It follows that we may all begin to see the consequences of the Fed entering the ZIRP/QE rabbit hole. If they cut off the ultra-cheap credit lines, the economy and the stock market are likely to implode. Keep rates suppressed indefinitely, and the Everest-sized debt could reach the elevation of Olympus Mons! (Google it!)
As the chart above shows, stock market growth over the past seven years has been very closely tied to the Fed’s quantitative easing programs. When the Fed expanded its balance sheet, the stock market grew. When the Fed halted its balance sheet expansion, the stock market moved sideways.
“But correlation does not imply causation!”
Yes, I know. However, when you are talking about something as supposedly random as the stock market, a correlation coefficient greater than 90% is a statistical relationship that cannot be so easily dismissed as circumstantial. Markets move for a reason. And over the past 7 years, there has been no better single explanation than Fed policy.
What we have seen in the last 18 months is more or less a “go nowhere” Fed. It follows that since the end of the Fed’s controversial QE program back in December of 2014, the stock market has pretty much gone nowhere as well.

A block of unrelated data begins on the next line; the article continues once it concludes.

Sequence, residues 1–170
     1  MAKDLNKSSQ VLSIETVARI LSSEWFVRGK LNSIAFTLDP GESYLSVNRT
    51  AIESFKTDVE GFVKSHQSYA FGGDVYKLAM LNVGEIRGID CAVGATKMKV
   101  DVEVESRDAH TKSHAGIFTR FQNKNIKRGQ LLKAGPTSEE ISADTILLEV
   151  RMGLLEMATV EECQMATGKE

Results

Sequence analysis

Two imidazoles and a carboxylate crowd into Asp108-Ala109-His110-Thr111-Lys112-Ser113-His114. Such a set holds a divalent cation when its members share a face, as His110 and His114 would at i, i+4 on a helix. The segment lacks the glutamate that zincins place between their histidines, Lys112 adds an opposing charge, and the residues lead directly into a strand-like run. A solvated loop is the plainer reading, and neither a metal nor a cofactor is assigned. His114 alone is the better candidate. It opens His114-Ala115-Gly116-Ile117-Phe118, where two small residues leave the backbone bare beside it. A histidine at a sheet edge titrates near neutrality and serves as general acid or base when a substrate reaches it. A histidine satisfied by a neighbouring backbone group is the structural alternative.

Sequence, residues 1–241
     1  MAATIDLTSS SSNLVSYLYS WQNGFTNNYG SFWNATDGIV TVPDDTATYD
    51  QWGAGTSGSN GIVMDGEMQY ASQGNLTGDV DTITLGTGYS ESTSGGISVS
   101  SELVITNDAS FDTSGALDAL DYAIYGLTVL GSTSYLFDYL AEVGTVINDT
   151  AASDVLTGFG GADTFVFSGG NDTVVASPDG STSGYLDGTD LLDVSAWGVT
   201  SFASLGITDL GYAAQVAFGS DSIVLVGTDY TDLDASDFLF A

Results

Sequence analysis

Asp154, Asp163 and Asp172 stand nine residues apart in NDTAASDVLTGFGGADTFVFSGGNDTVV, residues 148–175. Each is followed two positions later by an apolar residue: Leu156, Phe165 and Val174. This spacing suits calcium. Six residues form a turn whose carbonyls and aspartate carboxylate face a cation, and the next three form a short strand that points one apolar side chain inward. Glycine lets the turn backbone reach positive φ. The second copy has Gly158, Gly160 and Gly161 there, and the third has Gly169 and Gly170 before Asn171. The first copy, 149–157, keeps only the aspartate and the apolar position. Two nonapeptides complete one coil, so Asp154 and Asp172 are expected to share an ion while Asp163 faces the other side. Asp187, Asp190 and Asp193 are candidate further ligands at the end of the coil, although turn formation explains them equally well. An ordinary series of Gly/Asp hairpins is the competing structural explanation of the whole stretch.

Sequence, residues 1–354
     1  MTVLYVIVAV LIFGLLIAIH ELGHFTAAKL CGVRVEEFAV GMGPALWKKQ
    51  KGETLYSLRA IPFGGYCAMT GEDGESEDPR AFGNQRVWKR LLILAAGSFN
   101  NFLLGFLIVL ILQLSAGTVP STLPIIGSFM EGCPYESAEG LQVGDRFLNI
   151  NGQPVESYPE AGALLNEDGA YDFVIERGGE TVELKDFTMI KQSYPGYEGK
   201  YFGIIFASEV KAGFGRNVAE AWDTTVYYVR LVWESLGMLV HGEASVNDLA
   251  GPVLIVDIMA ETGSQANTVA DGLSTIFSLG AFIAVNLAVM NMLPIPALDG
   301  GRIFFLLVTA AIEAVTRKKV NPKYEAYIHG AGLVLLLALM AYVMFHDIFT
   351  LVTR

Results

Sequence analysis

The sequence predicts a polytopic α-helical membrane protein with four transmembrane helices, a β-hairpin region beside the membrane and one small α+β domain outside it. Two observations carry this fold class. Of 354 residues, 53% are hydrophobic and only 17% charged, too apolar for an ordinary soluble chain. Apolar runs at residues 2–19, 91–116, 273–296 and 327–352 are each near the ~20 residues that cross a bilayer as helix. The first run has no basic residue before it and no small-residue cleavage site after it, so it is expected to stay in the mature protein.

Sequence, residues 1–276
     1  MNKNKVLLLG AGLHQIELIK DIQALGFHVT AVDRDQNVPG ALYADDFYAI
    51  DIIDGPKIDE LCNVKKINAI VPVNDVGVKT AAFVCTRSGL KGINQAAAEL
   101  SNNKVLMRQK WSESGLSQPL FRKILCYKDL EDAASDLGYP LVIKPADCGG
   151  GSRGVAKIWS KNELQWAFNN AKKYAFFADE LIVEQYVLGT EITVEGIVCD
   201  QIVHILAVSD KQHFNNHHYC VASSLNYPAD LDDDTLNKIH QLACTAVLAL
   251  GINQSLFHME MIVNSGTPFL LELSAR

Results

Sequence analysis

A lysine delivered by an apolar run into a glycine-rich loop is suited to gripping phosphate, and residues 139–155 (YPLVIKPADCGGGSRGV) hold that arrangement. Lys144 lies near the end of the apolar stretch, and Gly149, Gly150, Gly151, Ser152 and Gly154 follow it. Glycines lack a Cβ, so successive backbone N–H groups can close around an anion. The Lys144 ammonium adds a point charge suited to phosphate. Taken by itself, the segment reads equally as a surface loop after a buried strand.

The unfortunate fact about debt is it eventually needs to be paid back; otherwise, the whole system collapses in on itself. And if households, corporations and governments are only interested in adding on more debt in this already abnormally low interest rate environment, what happens down the road when rates cannot actually move any lower?
Japan and parts of Europe are already experimenting with negative interest rates. Try to wrap your head around that for a moment. It is equivalent to a lender paying the borrower to take out a loan. In other words, in a negative interest rate environment, you would (willingly) loan out your money just so you can get paid back less than what you loaned out. Is that really going to work in a rational society for any meaningful length of time?
Regrettably, the powers that be didn’t recognize the debt frenzy for what it was leading into 2008. We all ended up learning some pretty powerful lessons…some more painfully so than others. Yet, here we are again.